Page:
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Commentary: ‘Controversial Christianity: Understanding Faith and Politics’

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The debate over the separation of church and state as well as religion’s role in politics has been intense and ongoing for years. In this week’s Acton Commentary, Tony Oleck seeks to add clarity to the debate. In his commentary, Oleck balances the desires of the Founding Fathers with what it means to be a Christian. Get Acton News and Commentary every Wednesday in your email inbox. Click here to sign up today.

Controversial Christianity: Understanding Faith and Politics

By Tony Oleck

As the race for the 2012 party nominations for president heats up, the question of religion and its place in politics surfaces yet again.  Whether the controversy is over mosques or Mormonism, religion permeates much of today’s political talk, despite various pleas for a “separation of church and state” from both the secular and religious worlds.  But what does the separation of church and state truly mean?

While many use the phrase to refer to a complete isolation of religion from politics, history tells us that the most famous advocate of this principle in America, Thomas Jefferson, may have had a different idea of what a “wall of separation between church and state” really meant.  In his 1802 letter to the Danbury Baptists, Jefferson writes:

Believing with you that religion is a matter which lies solely between Man & his God, that he owes account to none other for his faith or his worship. . . I contemplate with sovereign reverence that act of the whole American people which declared that their legislature should “make no law respecting an establishment of religion, or prohibiting the free exercise thereof,” thus building a wall of separation between church & state.

What Jefferson sought to prevent was state intervention into religious affairs. And the separation of church and state, as our founding fathers understood the phrase, meant the avoidance of a church-state.  A church that acts as or controls the state is not in accordance with Christ’s message, but a church that informs the state is.  If the role of the state is to allow for and to promote the freedom and well-being of its citizens, then it has only to benefit from the Christian understandings of truth, freedom and God’s undying love for the world.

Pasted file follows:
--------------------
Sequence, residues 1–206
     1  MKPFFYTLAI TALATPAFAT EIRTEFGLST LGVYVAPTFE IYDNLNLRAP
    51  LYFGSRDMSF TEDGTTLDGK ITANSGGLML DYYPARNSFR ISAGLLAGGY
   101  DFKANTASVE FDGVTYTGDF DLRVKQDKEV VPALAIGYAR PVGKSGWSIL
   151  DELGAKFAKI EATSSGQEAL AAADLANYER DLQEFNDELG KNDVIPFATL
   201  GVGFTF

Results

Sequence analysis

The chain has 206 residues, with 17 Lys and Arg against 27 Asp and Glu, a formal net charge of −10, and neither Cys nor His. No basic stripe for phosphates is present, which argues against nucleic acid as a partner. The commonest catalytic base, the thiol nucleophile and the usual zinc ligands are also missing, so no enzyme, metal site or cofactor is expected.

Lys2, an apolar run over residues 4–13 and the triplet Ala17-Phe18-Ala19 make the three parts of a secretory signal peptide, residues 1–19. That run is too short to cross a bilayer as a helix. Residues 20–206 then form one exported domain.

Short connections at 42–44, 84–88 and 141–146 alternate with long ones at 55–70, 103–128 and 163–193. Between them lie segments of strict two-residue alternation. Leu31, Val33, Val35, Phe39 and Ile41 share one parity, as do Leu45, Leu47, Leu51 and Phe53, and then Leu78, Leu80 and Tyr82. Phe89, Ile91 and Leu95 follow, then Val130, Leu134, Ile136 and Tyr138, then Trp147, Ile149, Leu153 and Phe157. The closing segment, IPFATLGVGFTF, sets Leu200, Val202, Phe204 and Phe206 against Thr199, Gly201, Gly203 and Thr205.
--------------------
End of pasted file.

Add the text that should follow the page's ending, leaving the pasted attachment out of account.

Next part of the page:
I am reminded of something a former English teacher once told me about religion and politics.  “It’s like when I go to get my car fixed,” he said, “I don’t determine which mechanic to go to by what religion he practices.”  While I would agree, I tend to take the leadership and future of my country a little bit more seriously than whether or not my radio works.  Granted, a candidate should never be excluded from office for solely religious purposes, but a Christian nevertheless need not feel ashamed for supporting a particular candidate because of his or her religiously-based position on certain social issues.

Why did our founding fathers describe man as “being endowed by their creator with certain unalienable rights”? And why were the words “In God We Trust” and “One Nation under God” added eventually to our currency and our pledge of allegiance, respectively? It was because they realized that only in recognizing man as having been created in God’s own image as a species set apart could America grow and prosper.  It was this common Christian heritage that allowed the state to grow in the first place.  While not all of America’s founding fathers were necessarily practicing Christians, they understood that for the American experiment to succeed it must at the very least be founded on Christian principles; on both faith and reason. They understood the transformative nature of Christ’s teachings and the dignity and truth which they expounded to human beings.